How to intentionally build break times into your workday

From lunch hours to afternoon breathers, here’s how to make space for some mind-clearing downtime.

How to intentionally build break times into your workday
[Photo: Rumman Amin/Unsplash; Ocean Ng/Unsplash]

It’s not unusual to feel as if 2020 is like an ultramarathon, with no clear finish line in sight.


You tell yourself you need to keep moving forward, but you can only do so if you refuel and recharge consistently to avoid fatigue, burnout, and other mental illnesses. With the amount of change going on in the world and the additional pressures of potentially working from home and trying to help your children stay on track with remote learning, the mental load is exponentially higher.

When you feel like you can’t catch a break, you need to give yourself one. And from my experience as a time management coach, I know you need to give yourself a lot more than one each day in order to thrive.

Here are five types of breaks that you can intentionally schedule into your life to stay focused, motivated, and energized throughout your day.

Morning break

When possible, I recommend devoting the very first part of the day to self-care. That could include stretching, reading, journaling, praying, meditating, exercising, eating, or simply staring out the window with a cup of coffee. By starting out slowly, you’re giving yourself the opportunity to prime your mind for the day, honoring your own needs and getting a sense of perspective that there is a world outside of your job.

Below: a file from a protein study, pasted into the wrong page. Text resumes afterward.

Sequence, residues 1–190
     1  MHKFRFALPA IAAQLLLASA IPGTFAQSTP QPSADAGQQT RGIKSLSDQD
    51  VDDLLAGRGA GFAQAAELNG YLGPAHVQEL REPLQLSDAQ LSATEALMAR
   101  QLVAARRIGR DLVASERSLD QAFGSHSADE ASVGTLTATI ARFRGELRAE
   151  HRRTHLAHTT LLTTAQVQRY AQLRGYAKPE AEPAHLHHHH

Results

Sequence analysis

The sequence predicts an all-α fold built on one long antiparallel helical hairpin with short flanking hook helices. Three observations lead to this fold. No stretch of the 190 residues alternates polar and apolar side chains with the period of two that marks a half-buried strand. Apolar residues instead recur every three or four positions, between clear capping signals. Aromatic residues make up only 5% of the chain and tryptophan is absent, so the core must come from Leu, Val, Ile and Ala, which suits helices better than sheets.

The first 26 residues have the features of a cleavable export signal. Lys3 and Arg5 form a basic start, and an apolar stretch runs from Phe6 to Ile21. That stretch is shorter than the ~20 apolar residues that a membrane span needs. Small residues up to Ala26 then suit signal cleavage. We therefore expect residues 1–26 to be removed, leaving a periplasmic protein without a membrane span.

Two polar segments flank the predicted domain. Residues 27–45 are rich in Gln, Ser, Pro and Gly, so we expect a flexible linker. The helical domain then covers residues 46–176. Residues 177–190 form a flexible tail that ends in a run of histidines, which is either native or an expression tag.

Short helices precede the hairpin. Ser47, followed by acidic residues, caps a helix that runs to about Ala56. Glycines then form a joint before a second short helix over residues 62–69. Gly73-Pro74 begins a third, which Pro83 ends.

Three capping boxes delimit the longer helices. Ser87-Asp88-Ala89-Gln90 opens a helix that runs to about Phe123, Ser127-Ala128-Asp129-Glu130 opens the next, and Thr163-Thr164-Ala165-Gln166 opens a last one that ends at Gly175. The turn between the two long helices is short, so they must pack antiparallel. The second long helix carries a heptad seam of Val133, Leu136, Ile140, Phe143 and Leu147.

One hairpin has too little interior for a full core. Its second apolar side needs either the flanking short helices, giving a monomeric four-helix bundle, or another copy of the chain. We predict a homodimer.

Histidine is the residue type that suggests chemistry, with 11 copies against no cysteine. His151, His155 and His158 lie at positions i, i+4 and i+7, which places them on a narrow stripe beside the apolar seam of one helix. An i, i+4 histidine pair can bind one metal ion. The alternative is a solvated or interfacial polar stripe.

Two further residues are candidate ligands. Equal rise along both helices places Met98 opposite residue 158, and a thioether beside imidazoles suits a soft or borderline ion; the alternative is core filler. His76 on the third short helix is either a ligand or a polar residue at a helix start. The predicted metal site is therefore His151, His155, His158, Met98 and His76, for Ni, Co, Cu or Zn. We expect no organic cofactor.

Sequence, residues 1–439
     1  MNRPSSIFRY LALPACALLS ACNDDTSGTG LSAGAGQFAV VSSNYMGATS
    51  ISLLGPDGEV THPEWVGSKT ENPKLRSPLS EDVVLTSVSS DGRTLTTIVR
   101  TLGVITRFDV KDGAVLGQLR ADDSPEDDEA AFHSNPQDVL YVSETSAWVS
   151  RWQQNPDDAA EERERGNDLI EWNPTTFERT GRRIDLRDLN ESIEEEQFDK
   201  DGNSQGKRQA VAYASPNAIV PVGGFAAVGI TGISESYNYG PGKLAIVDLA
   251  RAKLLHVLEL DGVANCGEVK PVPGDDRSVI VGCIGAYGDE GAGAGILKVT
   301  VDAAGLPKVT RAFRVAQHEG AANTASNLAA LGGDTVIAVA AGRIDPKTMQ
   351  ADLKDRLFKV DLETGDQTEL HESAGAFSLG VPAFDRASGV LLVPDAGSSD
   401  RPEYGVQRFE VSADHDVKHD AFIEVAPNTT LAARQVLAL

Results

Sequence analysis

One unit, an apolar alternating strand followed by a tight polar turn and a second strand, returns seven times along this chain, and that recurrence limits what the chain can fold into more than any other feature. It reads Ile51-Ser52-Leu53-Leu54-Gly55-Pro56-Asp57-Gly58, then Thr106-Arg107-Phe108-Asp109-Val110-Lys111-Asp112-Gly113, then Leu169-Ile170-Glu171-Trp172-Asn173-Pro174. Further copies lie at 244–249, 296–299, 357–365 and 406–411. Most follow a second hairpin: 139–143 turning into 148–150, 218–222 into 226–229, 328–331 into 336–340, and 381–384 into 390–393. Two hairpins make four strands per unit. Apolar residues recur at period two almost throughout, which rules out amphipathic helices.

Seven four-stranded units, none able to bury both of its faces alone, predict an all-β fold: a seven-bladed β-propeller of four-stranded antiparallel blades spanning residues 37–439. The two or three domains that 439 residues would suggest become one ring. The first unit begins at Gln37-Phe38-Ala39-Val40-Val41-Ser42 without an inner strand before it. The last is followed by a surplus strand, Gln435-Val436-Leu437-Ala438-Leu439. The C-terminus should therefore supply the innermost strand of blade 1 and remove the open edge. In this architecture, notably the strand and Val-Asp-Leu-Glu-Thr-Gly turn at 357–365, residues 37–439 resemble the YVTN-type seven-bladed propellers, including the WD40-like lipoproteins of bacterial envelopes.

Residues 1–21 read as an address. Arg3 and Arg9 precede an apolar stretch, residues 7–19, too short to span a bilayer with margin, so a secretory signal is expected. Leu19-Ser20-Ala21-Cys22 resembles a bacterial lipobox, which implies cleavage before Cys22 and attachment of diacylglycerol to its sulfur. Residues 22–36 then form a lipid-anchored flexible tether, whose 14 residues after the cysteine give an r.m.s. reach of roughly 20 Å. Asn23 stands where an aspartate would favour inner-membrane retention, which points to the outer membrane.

When you refrain from checking work email or other work messages until you’re actually starting your workday instead of right when you wake up, you are compressing how long it “feels” like you’re working, potentially by hours. It’s like applying the kind of intermittent fasting where you restrict when you eat to a set number of hours per day to your work. Instead of having a work “snack” right when you get up or late at night, you compress all of your work into a certain time frame so the other hours feel more “free.”

If you’re a working parent with children in remote learning, you may not have the luxury of not doing some work before the kids need to get up and get ready for school. But you can still take a short time, such as 15 to 20 minutes, to do something for yourself first thing in the morning.


Work break

During your workday in the office, you had a lot of natural breaks built in from walking back to your desk after a meeting to chatting with a colleague who stopped by your desk to office social activities.

Now if you work from home or have a lot of restrictions on what you do in the office, your day can feel like one long slog. To keep yourself alert and engaged, you’ll need to discover new kinds of breaks. This could look like using the Pomodoro method where you set a timer for 25 minutes of focused work and then give yourself 5 minutes of downtime. It could look like giving yourself a break after completing larger tasks such as reviewing a proposal or submitting your expenses. Or it could look like a break after you’re done with a meeting to help combat Zoom fatigue.